Harvest Season

by Peter Heffelfinger

posted September 14, 2020

 

Harvest Season

During the high levels of smoke locally from all the forest fires on both sides of the state, I’ve been spending my extended time indoors processing the garden harvest.

To date I’ve made three kinds of sauerkraut: first, a plain or ‘Naked Kraut,’ as the fermenting book labels it, just green cabbage and sea salt; second, a Middle Eastern style kraut made with Za’atar, an spice blend that includes sumac, a tart lemon-flavored herb; and third, Curtido, a Latin American style kraut with carrots, onions, garlic, oregano, cumin, and dried chiles. So far, while fermenting in the cool pantry, the krauts have withstood the recent high temperatures that might spoil them. The key is to check the large gallon jars everyday, tamping down the cabbage back into the brine, to vent all the bubbling.

And of course tasting a bit each time to see how close it is to being done.

Next up to try will be a German Blaukraut made with red cabbage, tart apples and caraway seeds. After each kraut is sufficiently fermented, between 7 to 14 days, it is ladled into quart jars, topped with fresh grape leaves, the lid is tightened, and the jar can be stored in a fridge for up to a year. When the garden gives you lots of cabbage, make sauerkraut.

The last of the pickling and Persian cucumbers have been put in salt brine to ferment for 12 days, along with garlic cloves, dried cayenne chilies, bay leaves, and both mustard and dill seeds. A grape leaf goes on top to keep the cukes submerged in the brine. Hopefully a New York style deli sour pickle will develop. Again, daily monitoring is needed to clean off any scum on top and to add fresh brine as needed. After fermenting is done, the pickles can be stored in the fridge for a year, all the while maintaining their probiotic levels since they were not heat processed. Old style fermentation is now back in style as the latest in diet health.

Finally, the tomatoes all got very ripe due to the hot winds that initially brought in the forest fire smoke. To deal with the full flats of tomatoes, I used a high speed food processor to pulp the cored tomatoes and I froze the pulp in quart containers. I combined all the tomato types into one all-purpose puréed sauce: the Early Girls and the Big Beefs, the Romas and San Marzanos, and the soft heirlooms such as Mortgage Lifter and Old German Mennonite. The regular table tomatoes supply lots of juice, the Italian varieties add thick flesh, and the heirlooms provide sweetener and flavor. Very similar to mixing varieties of apples to make a good, balanced fresh cider.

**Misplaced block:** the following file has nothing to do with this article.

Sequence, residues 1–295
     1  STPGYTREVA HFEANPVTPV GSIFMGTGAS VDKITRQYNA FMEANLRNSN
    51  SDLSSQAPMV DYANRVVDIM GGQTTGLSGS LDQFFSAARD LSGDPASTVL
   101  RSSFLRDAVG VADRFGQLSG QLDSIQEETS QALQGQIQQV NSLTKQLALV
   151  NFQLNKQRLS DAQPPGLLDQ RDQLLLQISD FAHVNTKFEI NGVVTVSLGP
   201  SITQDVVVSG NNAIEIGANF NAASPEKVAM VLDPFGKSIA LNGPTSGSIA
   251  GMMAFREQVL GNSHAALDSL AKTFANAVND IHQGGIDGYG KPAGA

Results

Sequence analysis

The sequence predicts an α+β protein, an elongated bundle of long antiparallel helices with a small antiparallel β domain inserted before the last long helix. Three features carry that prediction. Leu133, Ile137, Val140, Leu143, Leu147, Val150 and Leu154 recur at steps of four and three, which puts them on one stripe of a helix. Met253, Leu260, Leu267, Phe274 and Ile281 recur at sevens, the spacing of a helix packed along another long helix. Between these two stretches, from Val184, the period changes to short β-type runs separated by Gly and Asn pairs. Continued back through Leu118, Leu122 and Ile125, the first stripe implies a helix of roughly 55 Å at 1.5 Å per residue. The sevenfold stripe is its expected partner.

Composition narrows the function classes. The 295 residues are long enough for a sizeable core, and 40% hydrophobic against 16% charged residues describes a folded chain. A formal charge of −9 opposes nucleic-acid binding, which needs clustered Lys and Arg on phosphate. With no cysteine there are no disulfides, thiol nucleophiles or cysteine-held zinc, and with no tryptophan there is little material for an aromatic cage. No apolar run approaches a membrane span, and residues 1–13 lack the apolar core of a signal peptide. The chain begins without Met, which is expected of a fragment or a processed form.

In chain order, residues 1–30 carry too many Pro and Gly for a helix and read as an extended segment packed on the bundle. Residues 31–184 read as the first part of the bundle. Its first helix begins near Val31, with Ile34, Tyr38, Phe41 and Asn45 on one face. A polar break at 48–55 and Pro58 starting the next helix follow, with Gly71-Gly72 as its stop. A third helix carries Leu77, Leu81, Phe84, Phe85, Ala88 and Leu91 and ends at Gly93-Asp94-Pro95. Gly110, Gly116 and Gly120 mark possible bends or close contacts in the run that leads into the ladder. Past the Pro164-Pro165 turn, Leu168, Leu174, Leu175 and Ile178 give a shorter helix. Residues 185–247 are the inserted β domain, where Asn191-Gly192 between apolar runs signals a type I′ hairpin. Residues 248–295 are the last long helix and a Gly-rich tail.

Return of the Aphids

After the rainfall in late August the aphids returned to their favorite site, the brassicas. White, translucent aphids reappeared hidden inside the top buds of the Brussels Sprouts, so this time I broke off the bud tip and doused the area with a mild detergent soap spray. I also removed some bottom sprouts lower down that had turned black or were beginning to open up into small off-shoots, and gave the entire lower stem area a squirt of soap to deter any other aphid colonies. In contrast, black aphids appeared on the fall cabbages, collards and broccoli starts that were just taking off. Again, a dose of soap spray will hopefully keep these aphids in check. There’s always an insect waiting to dine on the garden before you get to eat.

 

Smoke in the Air